Zimmerman gets the injury-prone label, but even so, he averaged 146 games the last two seasons, so we were expecting a bit more in the health department here. Even so, Zimmerman has homered just once every 53 at-bats compared to last year’s 22. At this point, concluding that a chronically sore shoulder appears to have finally sapped Zimmerman’s power to the point where it’s tough to count on more than 15 homers from him, and that’s in a full season by the way. So what to expect in the second half? Not a clue. Zimmerman headed into last September with just 15 homers and similar shoulder concerns but proceeded to blast 11 long balls in the season’s final month. Maybe a similar binge is in store this season, as his 9.5 BB% and 17.9 K% compare quite favorably to his career totals. Batting in the .270-.280 range the rest of the way appears to be his floor, and as for the home runs? Figure maybe 10 more the rest of the way.
Miguel Cabrera (3B-DET)
At 31, Cabrera still has plenty of good baseball left in him, but 2014 could very well represent Year 1 in a steady decline. Cabrera’s last sub-30 homer season was 2006, and his .367 OBP would be his lowest mark in six years. A 9.0 BB% is well below his 11.1 percent career mark and even further off last year’s 13.8 percent. One would have thought the move across the diamond would have lessened the physical burden on Cabrera and led to MORE offense, but perhaps in some way it’s messed with his psyche. Of course, it’s ridiculous to be talking about a guy with a .902 OPS this way, but Cabrera’s numbers the last couple years have been ridiculous. This year they’re just great. Cabrera already has 32 doubles compared to last season’s 26, so some of those could turn into home runs in the heat of summer. He’s probably good for .320-18-60 the rest of the way.
Dustin Pedroia (2B-BOS)
Projection: .300-13-70, 20 SB
YTD: .280-4-32, 2 SB
Pedroia’s OPS had already dropped nearly 100 points the last two seasons off 2011’s .861 mark, and there’s been a further drop this year – to .732. He’s still drawing a fair amount of walks (9.8 BB%), so most of the decline has been in the power department. Since posting a .205 ISO in 2010, it’s been a steady decline since – all the way to .102 this season. We thought Pedroia’s power would rebound a little given last year’s 42 doubles, but that’s not happening and to compound the problem, he’s not running. At this point, Pedroia is barely a top-10 second baseman after being at or near the top of our rankings in past seasons. Pedroia had 10 hits in his first six games this month, so seeing him bat .300 the rest of the way would not be surprising. The power? Don’t expect more than a handful of long balls the rest of the way – perhaps five or six.
Michael Bourn (OF-CLE)
Projection: .272-5-46, 32 SB
YTD: .267-3-21, 7 SB
The average and power numbers are in line with expectations, but after dropping from 61 to 42 to 23 stolen bases the last couple years, we had Bourn projected at 32 for this season. The reasoning was that Bourn missed 32 games and had a .316 OBP in 2013, so with improved health and a year adjusting to AL pitching, we thought the 31 year-old would turn things back around after posting a .340-plus OBP in each of the previous four seasons. We were wrong. Bourn has seen his plate discipline erode further (6.5 BB%) and now that he’s 31, it appears we were overly optimistic on the stolen bases. Bourn’s four-year $48 million contract runs through the 2016 season, and it’s already gotten ugly. Hard to see much of a turnaround coming in the second half, especially now that he’s our for three-to-four weeks with a hamstring injury.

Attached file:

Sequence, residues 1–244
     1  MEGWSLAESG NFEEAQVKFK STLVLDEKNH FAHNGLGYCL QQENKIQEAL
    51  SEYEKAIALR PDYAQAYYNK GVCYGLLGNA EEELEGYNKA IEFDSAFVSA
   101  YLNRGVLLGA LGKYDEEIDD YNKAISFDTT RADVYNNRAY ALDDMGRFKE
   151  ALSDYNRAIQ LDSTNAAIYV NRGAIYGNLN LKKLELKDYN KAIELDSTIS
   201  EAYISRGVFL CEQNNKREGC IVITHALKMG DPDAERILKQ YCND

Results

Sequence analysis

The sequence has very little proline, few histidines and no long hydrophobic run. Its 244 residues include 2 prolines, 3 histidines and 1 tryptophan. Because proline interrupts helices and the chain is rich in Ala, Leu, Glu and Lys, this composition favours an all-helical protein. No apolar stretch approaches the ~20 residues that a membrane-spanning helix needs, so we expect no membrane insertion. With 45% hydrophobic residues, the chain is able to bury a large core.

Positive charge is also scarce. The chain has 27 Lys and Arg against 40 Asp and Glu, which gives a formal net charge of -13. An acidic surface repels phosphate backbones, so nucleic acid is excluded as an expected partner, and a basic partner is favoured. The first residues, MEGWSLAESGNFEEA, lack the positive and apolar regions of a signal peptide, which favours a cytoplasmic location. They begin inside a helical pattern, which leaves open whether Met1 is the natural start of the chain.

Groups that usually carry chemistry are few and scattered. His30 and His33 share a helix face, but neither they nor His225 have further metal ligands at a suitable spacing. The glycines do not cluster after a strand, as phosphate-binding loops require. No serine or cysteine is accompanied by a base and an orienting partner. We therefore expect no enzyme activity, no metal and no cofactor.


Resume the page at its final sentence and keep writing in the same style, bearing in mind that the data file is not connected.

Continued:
Verlander pitched three straight quality starts (19 innings, 20:2 K:BB) before giving up five runs in six innings Tuesday. Verlander’s velocity peaked in 2009 with a 95.6 mph average fastball, but he’s lost 3 mph over the last five years. That goes a long way in explaining the declining strikeout rate, but his control also regressed last year, and we didn’t build more regression into this year’s forecast, but it happened nonetheless. Verlander has already had his career years, but at 31, he’s far from "done." The recent strong results can continue as he evolves as a pitcher, and a second half with an ERA in the low 3.00s and a K/9 more in the 8.5 range is doable.
Danny Salazar (SP-CLE)
Projection: 3.41 ERA, 1.23 WHIP, 8.8 K/9
YTD: 5.53 ERA, 1.62 WHIP, 10.4 K/9
Salazar lasted eight starts before being optioned to Triple-A in mid-May with a 5.53 ERA. He may be closing in on a return, though, as in his last four starts covering 24.1 innings, Salazar has posted an impressive 34:8 K:BB. With the likes of Trevor Bauer and T.J. House far from entrenched at the back end of the rotation, Salazar could get a look shortly after the All-Star break. He spent some time on the minor league DL with a strained right triceps, so assuming he’s 100 percent healthy now, that may be the primary factor in his poor numbers. This is a solid second half sleeper, but jump now before the competition does.